6 FEBRUARY 1988, Page 42


Chacun a son gout


IN Competition No. 1508 you were invited to write quatrains in praise or dispraise of a particular edible.

Ambiguity has struck again. I had in- tended you to write separate quatrains on separate edibles in the style of Richard Armour's delightful one:

The onion-eater and his brother, Though inoffensive to each other, Are by their diet alienated From those who've not participated. However, some of you quite justifiably sent me longer poems consisting of quat- rains. So I have divided the prize money happily among both sorts of entrant, allow- ing myself the liberty of cutting one quat- rain in cases of 16-liners. The first three winners printed below get f10 each, and the rest a fiver per quatrain. The bonus bottle of Hugel Riesling Reserve 1983, presented by our 'well-wisher in the Far East', is D. B. Jenkinson's.

Plaudits aplenty praise the precious Vine, It bends beneath the weight of man's esteem; I vow, then, that no rubaiyat of mine Will sanctify yet more its sorry scheme.

Rather would I convert the pagan throng, Who worship at Vine's temple, now to see The error of their ways and right the wrong, To come and sip what's good along with me.

I speak of cocoa — ah! the cocoa bean, Balm of the Faithful, giver of all hope! I'd die a chocolate soldier for my Queen, Make me some now — and some for Wendy Cope! (D. B. Jenkinson) Though diners-out delight to boast

Rare feats of gourmandise, To me at tea hot buttered toast

Is first of foods to please.

The wheaten starch just barely singed, The molten bovine fat — Lucullus surely never binged On finer food than that.

Such fare's affordable by all Thanks to the EEC; No butter glut at all need pall, Just spread your toast for tea.

(Charles Mosley) Oh, what is amiss with the Great British Crumpet, That teatime delight I was wont to adore?

It's lesser successor quite gives me the hump, it Is not the same succulent bun as before!

For even when toasted, a thin piebald ghost, it Seems such a dull discus to give to a guest. You butter it up, but you find at the most it Still looks so deflated, so down, so depressed.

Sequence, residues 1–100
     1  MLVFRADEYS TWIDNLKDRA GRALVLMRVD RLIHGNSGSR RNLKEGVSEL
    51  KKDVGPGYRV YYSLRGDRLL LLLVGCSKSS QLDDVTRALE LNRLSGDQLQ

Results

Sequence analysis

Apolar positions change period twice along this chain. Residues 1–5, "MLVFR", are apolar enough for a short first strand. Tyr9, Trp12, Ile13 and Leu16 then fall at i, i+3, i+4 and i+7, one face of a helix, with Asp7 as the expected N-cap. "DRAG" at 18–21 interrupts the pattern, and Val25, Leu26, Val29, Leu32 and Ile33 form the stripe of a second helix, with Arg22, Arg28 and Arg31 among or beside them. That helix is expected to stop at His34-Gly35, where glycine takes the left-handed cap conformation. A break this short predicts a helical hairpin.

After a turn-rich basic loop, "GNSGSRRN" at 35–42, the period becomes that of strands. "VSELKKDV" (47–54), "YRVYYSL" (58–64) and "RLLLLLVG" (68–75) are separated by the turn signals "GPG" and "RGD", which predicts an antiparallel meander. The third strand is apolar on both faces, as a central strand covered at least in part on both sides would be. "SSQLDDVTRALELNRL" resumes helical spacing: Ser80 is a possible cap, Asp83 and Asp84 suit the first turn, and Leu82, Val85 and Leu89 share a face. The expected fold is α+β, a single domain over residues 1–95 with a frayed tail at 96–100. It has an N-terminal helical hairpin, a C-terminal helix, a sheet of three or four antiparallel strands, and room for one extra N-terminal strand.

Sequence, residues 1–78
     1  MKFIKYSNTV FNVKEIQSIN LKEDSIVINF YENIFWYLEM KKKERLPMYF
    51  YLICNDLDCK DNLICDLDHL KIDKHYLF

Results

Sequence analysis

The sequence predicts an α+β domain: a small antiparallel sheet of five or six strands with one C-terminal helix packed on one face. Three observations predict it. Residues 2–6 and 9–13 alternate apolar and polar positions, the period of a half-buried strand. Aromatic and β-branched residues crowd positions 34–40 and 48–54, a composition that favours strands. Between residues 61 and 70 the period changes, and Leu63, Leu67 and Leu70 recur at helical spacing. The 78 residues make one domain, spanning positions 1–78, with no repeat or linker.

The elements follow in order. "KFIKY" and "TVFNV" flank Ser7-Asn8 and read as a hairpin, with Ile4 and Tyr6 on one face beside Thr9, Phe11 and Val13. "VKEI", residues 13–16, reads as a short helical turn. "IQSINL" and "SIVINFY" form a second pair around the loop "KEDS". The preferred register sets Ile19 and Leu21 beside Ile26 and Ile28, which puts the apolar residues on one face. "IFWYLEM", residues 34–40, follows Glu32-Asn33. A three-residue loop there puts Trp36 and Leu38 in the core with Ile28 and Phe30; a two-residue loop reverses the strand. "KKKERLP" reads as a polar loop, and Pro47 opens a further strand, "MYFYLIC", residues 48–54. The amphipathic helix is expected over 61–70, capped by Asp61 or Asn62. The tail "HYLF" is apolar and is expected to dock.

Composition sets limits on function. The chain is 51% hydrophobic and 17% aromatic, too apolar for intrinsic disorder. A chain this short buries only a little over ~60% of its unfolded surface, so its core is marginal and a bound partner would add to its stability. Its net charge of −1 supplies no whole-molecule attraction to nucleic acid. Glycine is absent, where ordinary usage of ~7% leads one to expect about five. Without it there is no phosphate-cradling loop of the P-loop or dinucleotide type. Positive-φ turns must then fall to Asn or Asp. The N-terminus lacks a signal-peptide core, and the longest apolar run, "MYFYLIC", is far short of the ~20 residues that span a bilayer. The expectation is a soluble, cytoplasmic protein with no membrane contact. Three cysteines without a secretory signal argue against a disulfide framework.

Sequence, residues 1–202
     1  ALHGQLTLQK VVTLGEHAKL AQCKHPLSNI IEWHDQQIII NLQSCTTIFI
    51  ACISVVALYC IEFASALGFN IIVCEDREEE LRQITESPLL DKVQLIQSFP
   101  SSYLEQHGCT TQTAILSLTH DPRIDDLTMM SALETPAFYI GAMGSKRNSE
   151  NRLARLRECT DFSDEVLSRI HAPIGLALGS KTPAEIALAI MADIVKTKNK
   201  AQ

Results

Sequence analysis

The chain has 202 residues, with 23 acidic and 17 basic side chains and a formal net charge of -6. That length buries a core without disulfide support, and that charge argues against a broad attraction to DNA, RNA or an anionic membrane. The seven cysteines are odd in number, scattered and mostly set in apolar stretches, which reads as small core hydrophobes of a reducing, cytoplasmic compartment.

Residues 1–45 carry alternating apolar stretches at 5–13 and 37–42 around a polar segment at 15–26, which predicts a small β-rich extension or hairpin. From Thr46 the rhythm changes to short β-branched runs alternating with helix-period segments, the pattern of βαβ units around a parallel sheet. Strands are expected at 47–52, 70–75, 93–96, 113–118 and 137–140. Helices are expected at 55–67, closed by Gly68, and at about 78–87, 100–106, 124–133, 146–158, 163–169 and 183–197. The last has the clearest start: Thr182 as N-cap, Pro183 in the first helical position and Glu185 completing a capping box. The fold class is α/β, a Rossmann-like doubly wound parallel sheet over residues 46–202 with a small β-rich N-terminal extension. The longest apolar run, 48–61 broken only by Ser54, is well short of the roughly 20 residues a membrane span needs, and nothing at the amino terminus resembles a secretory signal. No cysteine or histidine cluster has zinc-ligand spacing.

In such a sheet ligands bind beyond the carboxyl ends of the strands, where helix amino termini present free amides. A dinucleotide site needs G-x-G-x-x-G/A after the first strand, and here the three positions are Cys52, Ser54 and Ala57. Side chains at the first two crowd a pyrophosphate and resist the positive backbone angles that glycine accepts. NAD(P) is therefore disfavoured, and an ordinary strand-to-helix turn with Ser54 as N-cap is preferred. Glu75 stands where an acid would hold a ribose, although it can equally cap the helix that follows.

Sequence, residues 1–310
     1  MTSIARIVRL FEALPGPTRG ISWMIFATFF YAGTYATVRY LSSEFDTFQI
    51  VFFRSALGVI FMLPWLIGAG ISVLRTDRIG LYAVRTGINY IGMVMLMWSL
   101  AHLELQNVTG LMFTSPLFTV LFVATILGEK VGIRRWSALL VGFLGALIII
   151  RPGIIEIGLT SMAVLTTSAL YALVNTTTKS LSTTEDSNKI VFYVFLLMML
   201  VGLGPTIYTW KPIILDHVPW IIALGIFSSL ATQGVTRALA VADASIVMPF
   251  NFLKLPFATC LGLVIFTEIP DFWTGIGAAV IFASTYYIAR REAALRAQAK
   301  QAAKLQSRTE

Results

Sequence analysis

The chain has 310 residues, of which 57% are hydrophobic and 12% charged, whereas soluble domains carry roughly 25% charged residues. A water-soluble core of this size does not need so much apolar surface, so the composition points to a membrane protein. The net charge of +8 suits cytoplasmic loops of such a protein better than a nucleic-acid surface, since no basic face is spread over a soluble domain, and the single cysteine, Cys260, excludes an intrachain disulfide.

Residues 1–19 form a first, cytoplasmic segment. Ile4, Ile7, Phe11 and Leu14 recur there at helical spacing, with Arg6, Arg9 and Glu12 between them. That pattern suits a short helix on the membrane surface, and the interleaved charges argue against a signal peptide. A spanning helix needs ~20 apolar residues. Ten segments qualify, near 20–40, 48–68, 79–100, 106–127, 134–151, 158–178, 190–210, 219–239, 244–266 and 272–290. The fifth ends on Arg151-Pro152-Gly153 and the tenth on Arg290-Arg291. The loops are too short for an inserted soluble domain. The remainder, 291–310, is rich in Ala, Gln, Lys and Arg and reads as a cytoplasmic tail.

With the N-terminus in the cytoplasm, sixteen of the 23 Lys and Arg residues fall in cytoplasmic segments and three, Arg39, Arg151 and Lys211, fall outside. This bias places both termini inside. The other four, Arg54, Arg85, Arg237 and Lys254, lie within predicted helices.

No substance, mere shadow! A false little strumpet!

Its faded delights I prefer to ignore.

When offered one now I just secretly dump it, While mouthlessly mourning the Crumpet of Yore!

(T. A. Hunter) Awake! for morning in the bowl of night Has pitched the corn-flakes of thy heart's delight!

All sugar-diamonded and crunchy-crisp, Behold them swimming in their lake of white.

(Gerard Benson) Silvery sweet, sublimely sleek, Richly scrumptious Sachertorte . . .

I could eat it for a week (Though I know I didn't oughter). (Simon Townley) Of all the foods I could have cussed The worst is Winter Salad.

But quatrains? No, for my disgust I'd need a whole damn ballad. (Simon Townley)

What a dish to give a bloke — a

Bowl of crappy tapioca: Of appetite a certain killer— Pure alimentary Polyfilla.

One craving that I cannot hide, That makes me positively drool Though idiots I can't abide I always have adored a fool.

The food that I detest the most Is little things on bits of toast.

The things all topple to the deck, Or on my shirt, or down my neck. (Harrison Everard) When morning mists arise and larks are trilling, Then search for mushrooms in the pasture's spread; Pearly umbrellas lined with dove's-breast frilling. Seethe them in milk and mop your plate with bread. (June F. Langfield) Most people seem to like the pea.

I do not know why this should be.

It tastes of sugar or of naught, And not as vegetables ought. (Carolyn Beckingham) My father, who could veto any dish, Was never partial to the taste of fish.

Denied it thus, I came upon it later And blessed him, for my joy is all the greater. (Martin Fagg) (Martin Fagg) (Noel Petty)